Photo: Phillips House, ca. 1900, 307 East 2nd North Street, Morristown, TN. Listed on the National Register of Historic Places in 1996. Photographed by user:Bravidos (own work), 2012, [cc-by-3.0 (creativecommons.org/licenses/by/3.0)], via Wikimedia Commons, accessed June, 2015.
Morristown City Hall is located at 100 West First North Street, Morristown, TN 37814.
Morristown as described in 1939 
Morristown, seat of Hamblen County, was named for three brothers, Gideon, David and Absalom Morris who settled here in 1783.
The town is in a fertile valley enclosed by the Clinch Mountains where dairying and poultry-raising are of importance. The famous "milk-fed broiler" originated in this area. Carloads of fryers are sent out by rail and a fleet of specially-constructed motor trucks rush chickens and turkeys to New York and other eastern markets. This business is carried on by both private business concerns and by a Farmers Cooperative Poultry Association.
Large amounts of burley tobacco are sold in the town's six warehouses; tobacco is the leading cash crop of the county. There are more than 30 industrial plants which can vegetables, process silk, cotton and leather, manufacture staves and barrel heading, woodworking and finishing, and shell walnuts.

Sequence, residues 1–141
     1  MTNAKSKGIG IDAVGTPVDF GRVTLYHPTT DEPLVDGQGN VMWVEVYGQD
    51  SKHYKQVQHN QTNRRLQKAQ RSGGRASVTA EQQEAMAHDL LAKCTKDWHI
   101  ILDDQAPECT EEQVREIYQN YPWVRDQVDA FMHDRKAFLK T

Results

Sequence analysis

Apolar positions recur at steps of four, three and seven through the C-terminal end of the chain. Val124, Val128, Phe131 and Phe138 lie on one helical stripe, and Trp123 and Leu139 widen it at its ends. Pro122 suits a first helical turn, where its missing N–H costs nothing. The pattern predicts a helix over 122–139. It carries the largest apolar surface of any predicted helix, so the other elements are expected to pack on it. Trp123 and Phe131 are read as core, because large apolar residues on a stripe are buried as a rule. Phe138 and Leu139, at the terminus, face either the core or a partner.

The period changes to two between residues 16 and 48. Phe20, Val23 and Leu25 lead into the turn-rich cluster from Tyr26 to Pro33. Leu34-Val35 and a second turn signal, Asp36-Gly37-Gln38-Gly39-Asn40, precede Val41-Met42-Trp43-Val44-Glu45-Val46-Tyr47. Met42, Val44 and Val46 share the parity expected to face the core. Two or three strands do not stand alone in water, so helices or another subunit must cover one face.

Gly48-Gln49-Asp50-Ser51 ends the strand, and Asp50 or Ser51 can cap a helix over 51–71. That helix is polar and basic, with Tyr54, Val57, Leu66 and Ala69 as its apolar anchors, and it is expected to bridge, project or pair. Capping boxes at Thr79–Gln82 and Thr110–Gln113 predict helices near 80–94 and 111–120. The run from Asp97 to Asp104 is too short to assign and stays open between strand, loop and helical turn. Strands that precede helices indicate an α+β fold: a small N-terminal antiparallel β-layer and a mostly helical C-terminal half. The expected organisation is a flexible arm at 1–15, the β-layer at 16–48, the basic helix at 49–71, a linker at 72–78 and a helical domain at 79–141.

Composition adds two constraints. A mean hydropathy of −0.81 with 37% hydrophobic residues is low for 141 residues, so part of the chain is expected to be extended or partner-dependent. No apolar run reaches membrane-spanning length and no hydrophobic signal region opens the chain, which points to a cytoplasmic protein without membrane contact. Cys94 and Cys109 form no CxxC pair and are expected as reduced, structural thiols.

The town owns and operates its own water works and electric lighting system; utility rates are low.
The Morristown Normal and Industrial College, east of James Street at East 6th Avenue, was chartered in 1909 and is the only college with both white and Negro teachers maintained in the South by the Methodist Episcopal Church. The institution, an experimental junior college for Negroes, has about 120 students. Its 10 buildings are on a 7-acre campus and a 320-acre farm.
Since about 1917 the Progressive Teacher, a widely circulated magazine, has been printed here at the Triangle Press Plant, which also prints the nationally distributed Augsburg spelling books and some art books.